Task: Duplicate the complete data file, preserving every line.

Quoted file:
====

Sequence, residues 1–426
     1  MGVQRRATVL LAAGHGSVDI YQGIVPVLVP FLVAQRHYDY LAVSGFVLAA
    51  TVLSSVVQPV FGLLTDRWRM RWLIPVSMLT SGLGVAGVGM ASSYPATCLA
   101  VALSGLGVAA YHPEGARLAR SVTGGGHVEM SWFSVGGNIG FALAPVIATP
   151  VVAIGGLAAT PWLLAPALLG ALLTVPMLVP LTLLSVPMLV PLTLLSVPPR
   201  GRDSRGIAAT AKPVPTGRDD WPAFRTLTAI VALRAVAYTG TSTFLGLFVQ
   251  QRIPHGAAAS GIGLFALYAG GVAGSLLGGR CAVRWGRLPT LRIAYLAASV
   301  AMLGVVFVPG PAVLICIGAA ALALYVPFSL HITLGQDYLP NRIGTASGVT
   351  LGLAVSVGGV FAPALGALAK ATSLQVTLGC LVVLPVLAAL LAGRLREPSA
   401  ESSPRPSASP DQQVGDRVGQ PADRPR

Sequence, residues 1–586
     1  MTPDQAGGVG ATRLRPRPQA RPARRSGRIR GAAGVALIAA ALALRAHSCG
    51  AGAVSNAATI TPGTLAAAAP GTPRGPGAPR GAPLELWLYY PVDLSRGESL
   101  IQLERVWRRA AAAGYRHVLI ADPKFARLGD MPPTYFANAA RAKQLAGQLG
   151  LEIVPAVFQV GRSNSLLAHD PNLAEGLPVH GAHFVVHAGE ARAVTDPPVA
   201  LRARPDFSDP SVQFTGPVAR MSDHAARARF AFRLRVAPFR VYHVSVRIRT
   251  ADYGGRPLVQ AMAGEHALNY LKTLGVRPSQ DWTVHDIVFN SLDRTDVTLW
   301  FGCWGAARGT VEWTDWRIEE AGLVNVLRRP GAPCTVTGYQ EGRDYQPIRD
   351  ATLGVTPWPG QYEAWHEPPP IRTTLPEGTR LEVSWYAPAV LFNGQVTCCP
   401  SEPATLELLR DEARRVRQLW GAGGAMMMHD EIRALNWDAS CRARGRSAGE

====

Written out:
Sequence, residues 1–426
     1  MGVQRRATVL LAAGHGSVDI YQGIVPVLVP FLVAQRHYDY LAVSGFVLAA
    51  TVLSSVVQPV FGLLTDRWRM RWLIPVSMLT SGLGVAGVGM ASSYPATCLA
   101  VALSGLGVAA YHPEGARLAR SVTGGGHVEM SWFSVGGNIG FALAPVIATP
   151  VVAIGGLAAT PWLLAPALLG ALLTVPMLVP LTLLSVPMLV PLTLLSVPPR
   201  GRDSRGIAAT AKPVPTGRDD WPAFRTLTAI VALRAVAYTG TSTFLGLFVQ
   251  QRIPHGAAAS GIGLFALYAG GVAGSLLGGR CAVRWGRLPT LRIAYLAASV
   301  AMLGVVFVPG PAVLICIGAA ALALYVPFSL HITLGQDYLP NRIGTASGVT
   351  LGLAVSVGGV FAPALGALAK ATSLQVTLGC LVVLPVLAAL LAGRLREPSA
   401  ESSPRPSASP DQQVGDRVGQ PADRPR

Sequence, residues 1–586
     1  MTPDQAGGVG ATRLRPRPQA RPARRSGRIR GAAGVALIAA ALALRAHSCG
    51  AGAVSNAATI TPGTLAAAAP GTPRGPGAPR GAPLELWLYY PVDLSRGESL
   101  IQLERVWRRA AAAGYRHVLI ADPKFARLGD MPPTYFANAA RAKQLAGQLG
   151  LEIVPAVFQV GRSNSLLAHD PNLAEGLPVH GAHFVVHAGE ARAVTDPPVA
   201  LRARPDFSDP SVQFTGPVAR MSDHAARARF AFRLRVAPFR VYHVSVRIRT
   251  ADYGGRPLVQ AMAGEHALNY LKTLGVRPSQ DWTVHDIVFN SLDRTDVTLW
   301  FGCWGAARGT VEWTDWRIEE AGLVNVLRRP GAPCTVTGYQ EGRDYQPIRD
   351  ATLGVTPWPG QYEAWHEPPP IRTTLPEGTR LEVSWYAPAV LFNGQVTCCP
   401  SEPATLELLR DEARRVRQLW GAGGAMMMHD EIRALNWDAS CRARGRSAGE